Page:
Many of the arguments against women in combat contain the cry that women should not be prisoners of war - well get real folks - civilian and military women have already been prisoners of war!
During the Civil War Dr. Mary Walker was held for four months in a Confederate prison camp, accused of being a spy for the Union Army. Doctor Walker is the only woman to have been awarded the Congressional Medal of Honor.
Major Pauline Cushman was arrested and imprisoned by the Confederacy and sentenced to hang for being a spy. The arrival of Union troops saved her from the gallows.
Belle Boyd spied for the Confederacy by carrying important letters and papers across enemy lines. She was imprisoned in a Union prison for her espionage activities.
Nancy Hart served as a Confederate scout, guide and spy, carrying messages between the Southern Armies. Nancy was twenty years old when she was captured by the Yankees and jailed. Nancy gained the trust of one of her guards, got his weapon from him, shot him and escaped.
Florena Budwin, wife of a Pennsylvania soldier of the Civil War disguised herself as a man and enlisted in the Union Army to be near her husband. They were captured and imprisoned at the infamous Andersonville Prison where her husband died. She was then transferred to Florence, S.C., where her identity was revealed. She remained at the prison to care for Union soldiers, finally dying of illness in 1865. She was buried at Florence National Cemetery and is believed to be the first woman buried in a National Cemetery.
Rose O'Neal Greenhow was a leader in Washington society and one of the most renowned spies in the Civil War. She is credited with helping General Pierre G.T. Beauregard win the battle of Bull Run. She spied so well for the Confederacy that Jefferson Davis credited her with winning the battle of Manassas. Rose O'Neal Greenhow was imprisoned for her efforts first on "house arrest" in her own home and then in Washington, D.C.s Old Capital Prison for five months. After her second prison term, she was exiled to the Confederate states where she received a heroines welcome by Confederate President Jefferson Davis.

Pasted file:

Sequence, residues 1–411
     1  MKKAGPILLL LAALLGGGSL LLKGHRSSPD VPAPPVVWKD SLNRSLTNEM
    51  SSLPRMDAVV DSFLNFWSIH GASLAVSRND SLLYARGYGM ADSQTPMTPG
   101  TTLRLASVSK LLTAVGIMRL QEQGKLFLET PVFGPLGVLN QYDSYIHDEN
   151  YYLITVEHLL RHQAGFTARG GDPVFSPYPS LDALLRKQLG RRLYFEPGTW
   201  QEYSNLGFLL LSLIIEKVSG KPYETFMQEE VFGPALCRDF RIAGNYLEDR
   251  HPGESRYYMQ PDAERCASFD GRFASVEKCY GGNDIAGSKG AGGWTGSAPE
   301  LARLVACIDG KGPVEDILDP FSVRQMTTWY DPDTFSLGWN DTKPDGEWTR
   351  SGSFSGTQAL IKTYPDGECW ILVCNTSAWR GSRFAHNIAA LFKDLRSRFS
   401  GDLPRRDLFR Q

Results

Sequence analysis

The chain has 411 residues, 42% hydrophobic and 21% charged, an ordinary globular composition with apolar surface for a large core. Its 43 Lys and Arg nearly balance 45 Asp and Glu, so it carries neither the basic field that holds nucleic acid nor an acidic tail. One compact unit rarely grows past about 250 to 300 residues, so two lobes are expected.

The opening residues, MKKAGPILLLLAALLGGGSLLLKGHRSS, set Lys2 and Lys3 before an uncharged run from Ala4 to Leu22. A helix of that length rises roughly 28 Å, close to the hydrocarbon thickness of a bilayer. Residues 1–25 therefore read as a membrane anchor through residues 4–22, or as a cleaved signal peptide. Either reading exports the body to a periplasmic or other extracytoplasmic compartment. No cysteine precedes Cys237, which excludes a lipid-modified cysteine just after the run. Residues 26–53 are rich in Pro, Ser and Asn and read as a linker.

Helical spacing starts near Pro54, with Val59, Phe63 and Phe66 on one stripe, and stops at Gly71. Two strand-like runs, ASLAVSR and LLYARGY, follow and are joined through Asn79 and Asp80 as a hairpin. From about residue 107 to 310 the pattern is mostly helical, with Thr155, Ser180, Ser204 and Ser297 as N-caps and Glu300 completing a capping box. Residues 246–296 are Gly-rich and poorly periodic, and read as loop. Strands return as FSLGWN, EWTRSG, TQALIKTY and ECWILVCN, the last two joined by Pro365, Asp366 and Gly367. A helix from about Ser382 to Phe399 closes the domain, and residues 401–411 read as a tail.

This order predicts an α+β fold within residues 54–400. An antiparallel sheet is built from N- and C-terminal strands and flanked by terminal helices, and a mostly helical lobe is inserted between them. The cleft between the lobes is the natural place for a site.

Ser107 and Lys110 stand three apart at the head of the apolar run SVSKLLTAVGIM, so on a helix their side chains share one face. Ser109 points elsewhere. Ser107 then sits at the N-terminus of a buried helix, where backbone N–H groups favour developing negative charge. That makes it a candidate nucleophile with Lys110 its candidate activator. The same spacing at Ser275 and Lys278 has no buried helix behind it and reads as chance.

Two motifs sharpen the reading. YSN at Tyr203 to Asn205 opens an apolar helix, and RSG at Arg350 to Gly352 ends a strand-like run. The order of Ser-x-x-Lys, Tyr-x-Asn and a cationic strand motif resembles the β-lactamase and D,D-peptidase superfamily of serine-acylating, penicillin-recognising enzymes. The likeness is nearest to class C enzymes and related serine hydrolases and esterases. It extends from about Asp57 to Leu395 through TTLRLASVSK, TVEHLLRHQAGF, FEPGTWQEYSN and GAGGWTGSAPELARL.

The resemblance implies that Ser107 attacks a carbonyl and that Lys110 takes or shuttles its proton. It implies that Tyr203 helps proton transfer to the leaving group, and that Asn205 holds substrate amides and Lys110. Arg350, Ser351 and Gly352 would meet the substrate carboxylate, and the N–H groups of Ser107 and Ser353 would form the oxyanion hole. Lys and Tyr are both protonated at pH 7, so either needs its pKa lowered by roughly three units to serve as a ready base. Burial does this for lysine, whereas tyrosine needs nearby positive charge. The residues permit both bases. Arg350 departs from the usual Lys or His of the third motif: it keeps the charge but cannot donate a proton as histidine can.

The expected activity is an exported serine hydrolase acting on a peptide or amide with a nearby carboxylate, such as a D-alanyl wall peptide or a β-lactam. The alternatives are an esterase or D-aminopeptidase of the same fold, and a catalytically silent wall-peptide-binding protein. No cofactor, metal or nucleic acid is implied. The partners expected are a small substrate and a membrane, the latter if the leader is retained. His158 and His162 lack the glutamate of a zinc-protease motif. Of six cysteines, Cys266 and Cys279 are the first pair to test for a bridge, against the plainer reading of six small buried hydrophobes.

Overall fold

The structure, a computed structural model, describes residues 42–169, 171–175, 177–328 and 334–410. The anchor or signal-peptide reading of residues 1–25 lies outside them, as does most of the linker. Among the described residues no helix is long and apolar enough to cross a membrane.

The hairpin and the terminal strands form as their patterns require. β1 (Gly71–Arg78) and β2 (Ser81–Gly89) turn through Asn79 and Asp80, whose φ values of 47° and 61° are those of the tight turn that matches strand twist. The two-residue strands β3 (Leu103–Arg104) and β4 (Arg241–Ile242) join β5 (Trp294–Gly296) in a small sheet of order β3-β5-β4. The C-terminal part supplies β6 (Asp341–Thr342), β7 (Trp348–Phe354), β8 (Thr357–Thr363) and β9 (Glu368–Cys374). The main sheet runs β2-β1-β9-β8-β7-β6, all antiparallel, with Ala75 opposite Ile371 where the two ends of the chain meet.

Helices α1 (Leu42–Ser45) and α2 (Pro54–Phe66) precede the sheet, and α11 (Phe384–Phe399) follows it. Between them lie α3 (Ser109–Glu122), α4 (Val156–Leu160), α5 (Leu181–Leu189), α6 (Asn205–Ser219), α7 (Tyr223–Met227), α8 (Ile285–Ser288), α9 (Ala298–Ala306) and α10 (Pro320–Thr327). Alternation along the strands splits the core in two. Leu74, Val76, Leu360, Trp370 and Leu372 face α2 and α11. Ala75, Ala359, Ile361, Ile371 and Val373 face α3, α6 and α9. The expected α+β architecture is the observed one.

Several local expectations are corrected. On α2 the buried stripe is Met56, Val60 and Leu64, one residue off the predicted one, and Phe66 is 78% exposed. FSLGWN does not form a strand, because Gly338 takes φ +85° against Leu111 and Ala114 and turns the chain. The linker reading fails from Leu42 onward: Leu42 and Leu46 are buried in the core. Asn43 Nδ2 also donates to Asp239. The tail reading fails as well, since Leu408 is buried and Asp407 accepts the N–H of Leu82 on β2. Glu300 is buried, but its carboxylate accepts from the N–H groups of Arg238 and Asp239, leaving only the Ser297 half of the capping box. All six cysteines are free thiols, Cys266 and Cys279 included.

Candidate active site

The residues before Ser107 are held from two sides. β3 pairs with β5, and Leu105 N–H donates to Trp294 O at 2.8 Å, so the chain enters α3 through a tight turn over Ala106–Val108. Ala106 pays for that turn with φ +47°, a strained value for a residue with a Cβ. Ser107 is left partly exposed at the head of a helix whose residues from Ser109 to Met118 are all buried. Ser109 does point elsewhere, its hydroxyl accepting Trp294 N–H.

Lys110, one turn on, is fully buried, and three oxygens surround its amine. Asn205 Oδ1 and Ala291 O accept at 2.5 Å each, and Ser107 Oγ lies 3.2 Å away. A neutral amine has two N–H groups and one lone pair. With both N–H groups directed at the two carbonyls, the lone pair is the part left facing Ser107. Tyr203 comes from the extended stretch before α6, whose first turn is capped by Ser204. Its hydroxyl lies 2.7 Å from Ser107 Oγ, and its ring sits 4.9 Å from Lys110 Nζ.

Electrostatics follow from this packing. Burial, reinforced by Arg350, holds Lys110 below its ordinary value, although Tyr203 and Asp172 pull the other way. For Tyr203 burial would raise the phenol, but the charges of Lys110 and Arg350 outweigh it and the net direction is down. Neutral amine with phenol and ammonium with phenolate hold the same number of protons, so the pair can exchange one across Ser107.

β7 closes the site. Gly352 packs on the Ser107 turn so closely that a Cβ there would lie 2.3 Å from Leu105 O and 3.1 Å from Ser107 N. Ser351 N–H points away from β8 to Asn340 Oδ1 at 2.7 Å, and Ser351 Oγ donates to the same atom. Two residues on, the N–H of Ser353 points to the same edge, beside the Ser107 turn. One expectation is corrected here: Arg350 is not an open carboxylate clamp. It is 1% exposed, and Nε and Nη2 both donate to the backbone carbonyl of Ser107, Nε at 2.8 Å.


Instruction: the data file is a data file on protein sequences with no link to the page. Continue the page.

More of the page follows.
During World War One both Edith Cavell and Mata Hari were prisoners of war and were executed for being spies.
Often ignored by history is the story of the women prisoners of war taken captive during World War Two. Sixty seven Army nurses and sixteen Navy nurses spent three years as prisoners of the Japanese. Many were captured when Corregidor fell in 1942 and were subsequently transported to the Santo Tomas Internment camp in Manila, in the Philippines. Santo Tomas was not liberated until February of 1945. Five Navy nurses were captured on Guam and interned in a military prison in Japan.
Here is a rare WWII poster featuring the Nurses on Corregidor in a Japanese POW camp. One seriously doubts that they would be in whites with red and blue capes while prisoners but the point was being made to appeal to defense workers.
Two days after the bombing of Pearl Harbor, 5 Navy nurses on Guam were taken prisoner by the Japanese. Lieutenants (jg) Leona Jackson, Lorraine Christiansen, Virginia Fogerty and Doris Yetter, under the command of Chief Nurse Marion Olds. Later in 1942 their captors transported them to Japan. They were held for three months in Zentsuji Prison on Shikoku Island and were then moved to Eastern Lodge in Kobe. They were repatriated in August of 1942.